Does it sound like I’m reaching for flaws to discuss? I am. There’s plenty of adventure material to be found within the confines of Mort City, and there’s the 2nd edition update to the Cannibal Sector 1 sourcebook if you want to go beyond the city limits. I guess if you never thought that the Seattle megaplex was enough space for Shadowrun, you might find Mort City a bit claustrophobic; otherwise, it should be plenty.
Threat Analysis (a.k.a. the Bestiary)
SLA Industries 2e outdoes its predecessor several times over in terms of antagonists. Some highlights…
Carnivorous pigs. That regenerate.
The feral skull-headed Carrien get an extensive entry, including their top-secret origin.
The Shi’An Cult writeup includes details on the two types of magic that they use — Ethereal Magic and Blood Magic — and stats for some of the horrors they summon from White Earth.
The book reveals the histories of rival corporations DarkNight, Thresher, and Tek Trex, and features stats for their people and equipment, including examples of Thresher’s infamous power armor.
I like the mysterious Scavs of the Cannibal Sector. They remind me a bit of the Sandpeople of Star Wars with a knack for evaluating and improving existing technology. Their writeup includes some examples of such tech.
I love the concept of Dream Entities — creatures that literally shouldn’t exist, with the terrifying ability to warp reality. If the corridor up ahead suddenly seems to stretch on forever, you’re probably being chased by a Dream Entity.
The Manchines are really freaky, and I was happy to see them written up. Imagine Terminators with the notion that being draped in rotting human flesh is an adequate disguise.
I was impressed that the book managed to make the Shivers, SLA Industries’ combination police force, national guard, and even fire department, interesting.
As generous as this collection is, noteworthy omissions include the Cannibals of the Cannibal Sectors, the Conflict Races, and the monstrous “ascended” Ebonites known as Necanthropes.
PCs come from one of nine species:
- Human: Adaptable and sociable, but not the “baseline” species (there isn’t one).
- Frother: Imagine drug-fueled Scottish berserkers, and you’ll have the right idea.
- Ebonite: A Human-like species of two variants — the Ebon and the Eban (or “Wasters”) — able to use the mystic power of the Ebb.
- Stormer 313 “Malice”: Enormously fast and strong lab-grown monstrosities.
- Stormer 711 “Xeno”: Not quite as fast and strong lab-grown monstrosities, but brighter than their “Malice” kin.
- Shaktar: Powerful, honorable warriors. Think of scaly red Klingons with Predator dreadlocks.
- Wraithen: Sneaky humanoid lizard-cats.
- Advanced Carrien: “Civilized” Carrien employed by SLA Industries.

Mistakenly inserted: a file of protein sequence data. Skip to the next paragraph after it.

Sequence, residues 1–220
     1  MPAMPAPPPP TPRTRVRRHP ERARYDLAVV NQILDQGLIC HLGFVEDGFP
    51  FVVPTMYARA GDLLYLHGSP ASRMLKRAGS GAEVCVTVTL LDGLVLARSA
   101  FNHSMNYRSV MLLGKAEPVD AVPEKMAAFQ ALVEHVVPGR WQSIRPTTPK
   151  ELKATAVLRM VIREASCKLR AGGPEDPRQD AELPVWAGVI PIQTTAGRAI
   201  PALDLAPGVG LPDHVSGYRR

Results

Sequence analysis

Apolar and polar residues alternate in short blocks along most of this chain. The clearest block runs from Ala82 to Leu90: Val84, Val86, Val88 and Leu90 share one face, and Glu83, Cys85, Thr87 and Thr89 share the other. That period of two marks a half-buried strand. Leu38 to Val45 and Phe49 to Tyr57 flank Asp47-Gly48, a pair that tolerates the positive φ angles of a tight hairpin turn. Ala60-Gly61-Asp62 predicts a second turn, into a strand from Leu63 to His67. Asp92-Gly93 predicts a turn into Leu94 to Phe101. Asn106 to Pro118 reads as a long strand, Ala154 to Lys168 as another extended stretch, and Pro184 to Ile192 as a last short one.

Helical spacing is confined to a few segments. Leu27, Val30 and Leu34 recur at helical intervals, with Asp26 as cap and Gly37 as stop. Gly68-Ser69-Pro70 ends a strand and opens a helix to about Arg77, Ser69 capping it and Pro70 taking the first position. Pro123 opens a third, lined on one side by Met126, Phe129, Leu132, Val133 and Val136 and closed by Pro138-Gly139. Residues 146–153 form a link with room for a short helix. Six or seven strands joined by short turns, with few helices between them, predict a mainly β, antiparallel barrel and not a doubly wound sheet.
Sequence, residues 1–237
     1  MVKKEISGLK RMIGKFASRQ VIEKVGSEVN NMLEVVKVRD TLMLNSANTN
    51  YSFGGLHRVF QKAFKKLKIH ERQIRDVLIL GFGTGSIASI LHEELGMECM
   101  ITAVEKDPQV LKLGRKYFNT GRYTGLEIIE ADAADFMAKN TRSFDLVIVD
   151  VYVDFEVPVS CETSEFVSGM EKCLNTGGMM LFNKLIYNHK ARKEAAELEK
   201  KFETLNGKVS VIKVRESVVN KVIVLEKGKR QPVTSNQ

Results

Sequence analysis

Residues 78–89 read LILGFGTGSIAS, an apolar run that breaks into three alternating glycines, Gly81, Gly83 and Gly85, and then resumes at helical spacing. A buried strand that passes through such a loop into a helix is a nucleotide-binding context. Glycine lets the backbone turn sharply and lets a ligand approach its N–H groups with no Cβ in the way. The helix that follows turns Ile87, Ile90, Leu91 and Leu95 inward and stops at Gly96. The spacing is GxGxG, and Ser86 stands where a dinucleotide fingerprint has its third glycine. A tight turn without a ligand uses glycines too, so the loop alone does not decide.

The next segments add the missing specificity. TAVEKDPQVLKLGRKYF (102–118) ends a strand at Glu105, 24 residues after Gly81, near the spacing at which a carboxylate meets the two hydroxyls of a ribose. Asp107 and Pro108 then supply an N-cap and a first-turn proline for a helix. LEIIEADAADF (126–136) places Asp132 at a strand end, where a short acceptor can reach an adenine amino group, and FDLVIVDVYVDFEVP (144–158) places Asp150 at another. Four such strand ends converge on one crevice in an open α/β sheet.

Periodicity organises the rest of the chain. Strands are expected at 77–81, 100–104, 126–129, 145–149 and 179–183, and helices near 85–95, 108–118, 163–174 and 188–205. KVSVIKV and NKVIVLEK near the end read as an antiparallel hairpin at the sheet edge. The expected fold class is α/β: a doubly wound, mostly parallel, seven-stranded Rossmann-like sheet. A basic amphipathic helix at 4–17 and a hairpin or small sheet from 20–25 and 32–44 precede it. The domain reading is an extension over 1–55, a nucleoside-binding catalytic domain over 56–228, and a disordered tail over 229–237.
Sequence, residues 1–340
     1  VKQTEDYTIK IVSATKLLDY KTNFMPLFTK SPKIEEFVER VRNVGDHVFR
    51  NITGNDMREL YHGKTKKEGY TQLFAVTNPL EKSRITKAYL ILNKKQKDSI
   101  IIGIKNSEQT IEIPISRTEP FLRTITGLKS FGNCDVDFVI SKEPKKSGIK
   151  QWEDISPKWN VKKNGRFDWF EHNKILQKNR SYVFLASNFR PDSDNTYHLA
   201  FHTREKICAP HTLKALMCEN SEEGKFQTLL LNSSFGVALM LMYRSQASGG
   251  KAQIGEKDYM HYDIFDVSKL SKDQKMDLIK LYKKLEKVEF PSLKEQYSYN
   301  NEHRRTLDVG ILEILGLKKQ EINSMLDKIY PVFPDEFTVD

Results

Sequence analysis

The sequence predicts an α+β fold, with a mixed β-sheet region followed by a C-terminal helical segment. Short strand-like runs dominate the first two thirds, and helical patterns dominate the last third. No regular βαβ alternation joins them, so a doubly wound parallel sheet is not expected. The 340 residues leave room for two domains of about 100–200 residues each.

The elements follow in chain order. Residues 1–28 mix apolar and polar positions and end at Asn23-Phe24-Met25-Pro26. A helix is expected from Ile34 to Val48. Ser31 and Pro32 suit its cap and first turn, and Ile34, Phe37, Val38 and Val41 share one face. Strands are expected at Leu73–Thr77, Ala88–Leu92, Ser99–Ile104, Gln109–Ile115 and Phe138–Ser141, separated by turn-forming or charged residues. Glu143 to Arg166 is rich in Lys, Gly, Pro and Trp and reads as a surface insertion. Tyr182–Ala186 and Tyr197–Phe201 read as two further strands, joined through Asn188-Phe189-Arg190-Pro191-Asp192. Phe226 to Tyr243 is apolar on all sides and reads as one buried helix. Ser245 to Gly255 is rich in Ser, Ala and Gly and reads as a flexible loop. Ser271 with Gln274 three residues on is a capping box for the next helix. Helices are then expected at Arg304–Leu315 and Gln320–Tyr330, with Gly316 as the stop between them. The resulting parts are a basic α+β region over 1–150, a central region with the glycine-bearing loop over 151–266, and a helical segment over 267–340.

- Neophron: Smart, charming, sophisticated bird-people.
I like the selections here. If I have any problem with it at all, it’s the fact that some of the creatures — mainly the Stormers and the Advanced Carrien — are so monstrous themselves that it’s hard to imagine them being taken aback by other monstrosities. That’s a very minor issue.
Characters have the stats of Strength, Dexterity, Knowledge, Concentration, Charisma, Cool, and Luck (for non-Ebonites) or Flux (for Ebonites). The overall PC stat range is 0-6, but each species has its own range. Again, Humans don’t represent any sort of stat baseline. Their Strength maxes out at a relatively puny 3, for example, while their mental and social maximums are 5s, and their Luck is a whopping 6.
Strength governs hand-to-hand combat and Dexterity governs ranged combat. I’m never fond of Strength governing the chance to hit (rather than the ability to cause damage), but it seems somehow fitting that brute force rules the day in a setting such as this. Strength does affect unarmed — but not armed — combat damage as well, but a Strength-based damage bonus doesn’t kick in until a Strength of 5, well above the Human maximum. That seems a tad strange, but I suppose it emphasizes just how much stronger some of these species are than Humans.
Speaking of things that feel appropriate, it’s fitting that in the media-saturated World of Progress, the PC receive Ratings Points assigned specifically to Body (Strength and Dexterity), Brains (Knowledge and Concentration), and Bravado (Charisma and Cool). These can be spent on various seemingly implausible feats. Luck, on the other hand, is spent to re-roll or improve dice rolls.
Skills are fairly general. The Melee Weapons skill, for example, covers all hand-to-hand weapons aside from long-shafted ones, which fall under the Polearms skill. Species-intrinsic skills and numerous training packages help speed skill selection along, although players do get to add a pool of points to any skills of their choice.
Also in the spirit of speeding things along, the game offers only 18 positive or negative Traits to flesh out the PCs.
Finally, all SLA Operatives get a standard set of equipment. It’s not much — armor’s not included, for example, and you really want armor — but at least you get an auto-pistol. And a lighter. And contraceptives.